The Associated Press
WINFIELD, W.Va. —
The West Virginia Attorney General’s Office is going to court in an attempt to stop a Georgia company from distributing chemical ingredients used to illegally make designer drugs.
Attorney General Darrell McGraw announced Monday that a lawsuit has been filed in Putnam County Circuit Court against Nutragenomics Manufacturing LLC of Alpharetta, Ga.
McGraw told a news conference that Nutragenomics is a “significant distributor” of ingredients used to make drugs known as bath salts and synthetic marijuana, among other things. He said the company markets the products through multiple websites and ships them by mail.
The lawsuit seeks to force the company to identify West Virginia clients who bought its products, along with the chemicals purchased. It also seeks to ban the company from advertising its products as legal and safe in the state and seeks $5,000 penalties for each violation of the state’s Consumer Protection Act.
A state law went into effect in April 2011 targeting chemicals meant to produce effects similar to cocaine and marijuana. The drugs have street names such as K2, Spice and bath salts, and McGraw said they have been creeping into schools and are regularly passed around at teen and college parties.
McGraw cited studies that have shown synthetic drugs can cause seizures, hypertension, psychotic episodes, suicidal thoughts and death.
“West Virginians deserve to know the truth about the dangers of these designer chemicals while we work to eliminate them,” McGraw said. “The trafficking of dangerous drugs through Internet websites and retail locations is a new problem and it requires a new solution.”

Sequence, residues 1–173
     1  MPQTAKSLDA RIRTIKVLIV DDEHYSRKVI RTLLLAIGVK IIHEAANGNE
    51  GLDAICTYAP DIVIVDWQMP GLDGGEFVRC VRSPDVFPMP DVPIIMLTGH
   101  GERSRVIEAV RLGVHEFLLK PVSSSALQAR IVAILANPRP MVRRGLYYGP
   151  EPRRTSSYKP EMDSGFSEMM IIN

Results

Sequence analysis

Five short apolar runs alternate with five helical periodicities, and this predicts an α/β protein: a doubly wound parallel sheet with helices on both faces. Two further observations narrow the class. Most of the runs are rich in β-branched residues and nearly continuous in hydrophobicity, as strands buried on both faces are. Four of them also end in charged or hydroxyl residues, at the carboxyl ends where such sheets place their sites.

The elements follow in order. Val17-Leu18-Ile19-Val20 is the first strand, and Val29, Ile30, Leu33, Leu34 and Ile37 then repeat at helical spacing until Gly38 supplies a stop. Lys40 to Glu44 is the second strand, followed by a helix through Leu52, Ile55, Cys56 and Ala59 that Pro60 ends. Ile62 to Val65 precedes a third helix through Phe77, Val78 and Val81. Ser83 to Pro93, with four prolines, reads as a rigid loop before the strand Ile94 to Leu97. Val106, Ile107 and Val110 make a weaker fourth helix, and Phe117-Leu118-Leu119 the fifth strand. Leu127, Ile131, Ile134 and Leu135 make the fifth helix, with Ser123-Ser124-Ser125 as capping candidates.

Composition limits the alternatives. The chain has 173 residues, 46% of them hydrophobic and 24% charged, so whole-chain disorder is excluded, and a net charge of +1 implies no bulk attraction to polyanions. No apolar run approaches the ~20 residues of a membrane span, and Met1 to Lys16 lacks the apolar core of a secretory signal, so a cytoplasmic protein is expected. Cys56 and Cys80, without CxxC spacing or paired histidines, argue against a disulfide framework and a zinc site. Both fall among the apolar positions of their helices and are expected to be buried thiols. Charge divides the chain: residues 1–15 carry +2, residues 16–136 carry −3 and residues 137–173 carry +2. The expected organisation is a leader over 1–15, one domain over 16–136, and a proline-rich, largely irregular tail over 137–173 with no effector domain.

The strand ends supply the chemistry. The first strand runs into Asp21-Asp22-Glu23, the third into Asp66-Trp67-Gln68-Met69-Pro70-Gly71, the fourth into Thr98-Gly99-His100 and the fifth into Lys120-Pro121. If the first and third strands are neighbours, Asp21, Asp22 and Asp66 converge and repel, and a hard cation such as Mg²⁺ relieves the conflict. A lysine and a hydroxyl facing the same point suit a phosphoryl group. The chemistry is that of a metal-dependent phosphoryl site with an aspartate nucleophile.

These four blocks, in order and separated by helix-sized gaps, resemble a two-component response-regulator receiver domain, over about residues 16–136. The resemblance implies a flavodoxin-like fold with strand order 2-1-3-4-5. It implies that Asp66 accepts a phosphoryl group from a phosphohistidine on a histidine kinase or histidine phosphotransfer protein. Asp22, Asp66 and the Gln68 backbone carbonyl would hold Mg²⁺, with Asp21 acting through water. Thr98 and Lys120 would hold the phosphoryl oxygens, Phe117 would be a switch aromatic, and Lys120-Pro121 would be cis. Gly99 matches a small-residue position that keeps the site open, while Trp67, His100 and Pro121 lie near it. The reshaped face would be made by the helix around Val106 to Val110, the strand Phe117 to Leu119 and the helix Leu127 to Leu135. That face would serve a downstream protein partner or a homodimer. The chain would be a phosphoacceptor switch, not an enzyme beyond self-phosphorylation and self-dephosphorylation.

Stewart Mones, an attorney representing Nutragenomics, said he hadn’t seen the lawsuit and declined comment Monday.
McGraw said this marks the first time his office has gone to court for a civil action involving such a manufacturer, and it marks the second major recent case involving bath salts in West Virginia.
The Harrison County owner of two paraphernalia shops and three of his employees were indicted earlier this month on federal drug conspiracy charges for allegedly selling bath salts and synthetic marijuana.
Federal law bans specific ingredients used in the manufacturing and sale of synthetic drugs, but McGraw and Chad Napier, commander of the Metro Drug Unit in Kanawha and Putnam counties, said manufacturers change the molecular structure of the ingredients in order to skirt the law.
“They know what they’re doing,” Napier said. With synthetic drugs, “unfortunately every day we see the devastation that it causes with the kids we’re dealing with. We have parents calling our office saying, ‘My 16-year-old is using this stuff.”’
McGraw said going after one manufacturer may only be making a dent in the trafficking of such drugs.
“We’re trying to smoke them out,” he said. “There are dozens if not hundreds of these kinds of operations in the country. So this is a start.”
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